Open Science can help people to become drivers of innovation and lead to increased returns on investments. The international push for Open Science has seen more nations providing access to its publications and data. 

The European Union (EU) has been a significant player in the Open Science movement. The EU’s Ambassador in South Africa, Dr Marcus Cornaro Ambassador today (30 November) addressed the start of a two day SA-EU Open Science Workshop taking place at the Birchwood Conference Centre.

The workshop is aimed at creating a platform for relevant stakeholders in the South African national system of innovation, including Government representatives, as well as EU role-players to share some of their experiences and lessons learnt in formalizing Open Science in the EU.

Open Science is a movement to make scientific research, data and dissemination accessible to all levels of an inquiring society, amateur or professional. It encompasses practices such as publishing open research, campaigning for open access, encouraging scientists to practice open notebook science, and generally making it easier to publish and communicate scientific knowledge.

The SA-EU Open Science Dialogue Project is funded by the SA-EU Strategic Partnership Dialogue Facility. Its purpose is to among others facilitate the implementation of priority aspects of the SA-EU Trade, Development and Cooperation Agreement.

The Department’s Deputy Director- General: ICR Daan du Toit, said South Africa and the EU enjoy a strategic relationship premised on advancing science for development. He said this workshop presents another opportunity to strengthen relations.

Ambassador Cornora said the EU’s commitment to Open Science is similar to its commitment to Open Trade. He said there are no benefits to, ‘hidden science, and Open Science can lead to nations achieving the United Nations Sustainable Development Goals.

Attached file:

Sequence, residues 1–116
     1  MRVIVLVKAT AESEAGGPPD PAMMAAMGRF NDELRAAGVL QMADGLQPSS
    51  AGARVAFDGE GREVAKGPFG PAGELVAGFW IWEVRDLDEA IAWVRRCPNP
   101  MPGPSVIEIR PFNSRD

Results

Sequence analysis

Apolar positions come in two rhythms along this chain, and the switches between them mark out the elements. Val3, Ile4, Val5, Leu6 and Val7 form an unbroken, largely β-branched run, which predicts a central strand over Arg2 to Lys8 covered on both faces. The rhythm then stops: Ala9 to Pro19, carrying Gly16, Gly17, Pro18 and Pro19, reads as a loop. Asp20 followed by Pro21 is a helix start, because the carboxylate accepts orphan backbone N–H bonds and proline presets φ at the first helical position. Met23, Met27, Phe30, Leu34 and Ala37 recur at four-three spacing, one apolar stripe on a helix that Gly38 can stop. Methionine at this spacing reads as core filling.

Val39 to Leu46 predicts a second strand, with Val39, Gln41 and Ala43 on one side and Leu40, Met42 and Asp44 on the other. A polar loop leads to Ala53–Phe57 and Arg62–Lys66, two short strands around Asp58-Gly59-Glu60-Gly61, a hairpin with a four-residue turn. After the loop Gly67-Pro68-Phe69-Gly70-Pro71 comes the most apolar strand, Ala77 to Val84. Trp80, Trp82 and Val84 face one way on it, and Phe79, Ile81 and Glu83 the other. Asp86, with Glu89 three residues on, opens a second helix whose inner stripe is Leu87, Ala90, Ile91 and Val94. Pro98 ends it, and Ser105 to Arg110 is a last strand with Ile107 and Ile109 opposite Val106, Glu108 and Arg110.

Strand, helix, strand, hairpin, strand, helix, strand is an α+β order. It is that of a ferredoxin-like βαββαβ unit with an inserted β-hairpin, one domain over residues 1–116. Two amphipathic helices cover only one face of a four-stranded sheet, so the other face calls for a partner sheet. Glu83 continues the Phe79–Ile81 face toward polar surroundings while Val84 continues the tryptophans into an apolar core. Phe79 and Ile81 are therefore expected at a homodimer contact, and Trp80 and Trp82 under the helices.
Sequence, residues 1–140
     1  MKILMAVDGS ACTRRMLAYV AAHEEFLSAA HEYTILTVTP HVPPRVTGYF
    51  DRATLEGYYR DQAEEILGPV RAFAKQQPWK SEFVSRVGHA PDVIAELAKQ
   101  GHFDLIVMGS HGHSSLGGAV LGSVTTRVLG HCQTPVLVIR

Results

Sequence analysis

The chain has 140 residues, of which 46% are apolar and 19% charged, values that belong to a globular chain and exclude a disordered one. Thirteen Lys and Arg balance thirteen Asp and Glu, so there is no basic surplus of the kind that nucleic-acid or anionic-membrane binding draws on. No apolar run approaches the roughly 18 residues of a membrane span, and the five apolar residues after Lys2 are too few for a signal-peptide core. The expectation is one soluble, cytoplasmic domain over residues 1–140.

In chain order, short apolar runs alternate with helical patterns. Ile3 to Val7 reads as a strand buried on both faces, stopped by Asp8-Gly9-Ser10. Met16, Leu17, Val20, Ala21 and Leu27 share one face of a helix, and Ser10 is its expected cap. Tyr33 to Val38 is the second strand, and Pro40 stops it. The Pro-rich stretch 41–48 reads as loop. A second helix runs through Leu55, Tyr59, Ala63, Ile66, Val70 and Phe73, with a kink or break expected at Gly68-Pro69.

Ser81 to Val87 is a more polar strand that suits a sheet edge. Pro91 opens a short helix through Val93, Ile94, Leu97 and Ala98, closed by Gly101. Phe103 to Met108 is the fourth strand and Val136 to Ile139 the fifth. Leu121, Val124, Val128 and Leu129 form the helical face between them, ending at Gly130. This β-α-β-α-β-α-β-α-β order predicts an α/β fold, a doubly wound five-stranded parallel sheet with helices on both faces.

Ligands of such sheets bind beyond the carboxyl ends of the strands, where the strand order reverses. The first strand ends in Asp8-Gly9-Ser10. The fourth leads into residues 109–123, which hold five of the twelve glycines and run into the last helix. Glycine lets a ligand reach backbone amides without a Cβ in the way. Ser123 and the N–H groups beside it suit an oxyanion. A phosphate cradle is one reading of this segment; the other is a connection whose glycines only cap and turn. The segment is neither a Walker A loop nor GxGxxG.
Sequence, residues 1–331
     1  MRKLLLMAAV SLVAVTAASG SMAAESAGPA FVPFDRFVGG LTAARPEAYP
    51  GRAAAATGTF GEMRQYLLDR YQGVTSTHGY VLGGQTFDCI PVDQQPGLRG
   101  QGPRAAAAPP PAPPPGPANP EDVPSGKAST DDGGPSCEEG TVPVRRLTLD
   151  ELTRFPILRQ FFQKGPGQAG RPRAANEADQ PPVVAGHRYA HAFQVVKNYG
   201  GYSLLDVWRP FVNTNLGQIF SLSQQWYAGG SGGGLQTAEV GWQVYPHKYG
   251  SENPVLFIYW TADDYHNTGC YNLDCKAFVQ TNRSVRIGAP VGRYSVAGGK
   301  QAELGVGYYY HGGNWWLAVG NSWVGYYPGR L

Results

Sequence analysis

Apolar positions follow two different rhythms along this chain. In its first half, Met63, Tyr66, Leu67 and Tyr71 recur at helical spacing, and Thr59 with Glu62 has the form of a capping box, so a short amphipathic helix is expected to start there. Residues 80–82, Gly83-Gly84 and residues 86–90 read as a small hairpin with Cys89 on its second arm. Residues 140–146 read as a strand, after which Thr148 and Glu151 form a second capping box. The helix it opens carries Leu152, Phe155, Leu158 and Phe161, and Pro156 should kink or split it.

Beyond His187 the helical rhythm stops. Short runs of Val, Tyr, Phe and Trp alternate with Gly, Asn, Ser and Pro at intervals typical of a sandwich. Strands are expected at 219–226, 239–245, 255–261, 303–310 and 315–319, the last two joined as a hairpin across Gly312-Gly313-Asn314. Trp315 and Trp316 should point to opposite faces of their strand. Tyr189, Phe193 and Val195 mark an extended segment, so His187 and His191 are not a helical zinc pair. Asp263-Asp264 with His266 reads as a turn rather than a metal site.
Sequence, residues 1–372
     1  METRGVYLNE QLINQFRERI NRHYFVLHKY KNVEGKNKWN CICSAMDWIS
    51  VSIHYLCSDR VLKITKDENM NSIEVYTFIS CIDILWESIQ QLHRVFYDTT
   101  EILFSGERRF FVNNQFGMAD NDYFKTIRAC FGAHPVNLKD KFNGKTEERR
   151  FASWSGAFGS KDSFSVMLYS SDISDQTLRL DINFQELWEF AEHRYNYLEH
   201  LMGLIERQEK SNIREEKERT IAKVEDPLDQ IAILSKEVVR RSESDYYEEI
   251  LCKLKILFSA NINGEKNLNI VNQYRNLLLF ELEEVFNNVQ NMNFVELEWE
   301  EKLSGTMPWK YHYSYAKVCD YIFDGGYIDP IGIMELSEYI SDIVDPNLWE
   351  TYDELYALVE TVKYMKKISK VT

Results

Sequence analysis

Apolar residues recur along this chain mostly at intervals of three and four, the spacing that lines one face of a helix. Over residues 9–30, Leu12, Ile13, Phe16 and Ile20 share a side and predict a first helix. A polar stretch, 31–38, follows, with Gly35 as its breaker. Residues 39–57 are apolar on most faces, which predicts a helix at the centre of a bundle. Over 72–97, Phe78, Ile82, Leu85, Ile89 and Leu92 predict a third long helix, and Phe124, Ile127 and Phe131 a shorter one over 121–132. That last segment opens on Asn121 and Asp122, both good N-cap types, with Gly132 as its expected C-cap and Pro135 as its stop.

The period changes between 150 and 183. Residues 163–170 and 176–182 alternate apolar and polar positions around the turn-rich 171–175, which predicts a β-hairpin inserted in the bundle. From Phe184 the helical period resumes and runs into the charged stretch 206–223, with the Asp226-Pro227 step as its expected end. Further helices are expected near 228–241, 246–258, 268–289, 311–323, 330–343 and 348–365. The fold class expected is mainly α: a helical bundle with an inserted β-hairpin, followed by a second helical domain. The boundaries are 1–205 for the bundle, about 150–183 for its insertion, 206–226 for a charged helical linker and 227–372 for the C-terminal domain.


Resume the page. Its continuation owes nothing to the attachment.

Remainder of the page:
The Department of Science and Technology’s Deputy Director-General: Research, Development and Support, said as a country, “we are looking forward to gaining from the experience of the EU.” He said the Department is looking to developing a framework to promote open science.

Several of activities, and initiatives are currently in place across South Africa in order to stimulate an environment towards Open Science, which includes open access to scholarly publications, open data, and open and collaborative research and infrastructural investments.

Any Open Science initiatives in South Africa will need to be well coordinated as well as inclusive of all the relevant stakeholders. The particular policy on Open Science will also have to be developed in a way that enhances capacity and recognition at the level of individuals, institutions and national systems.




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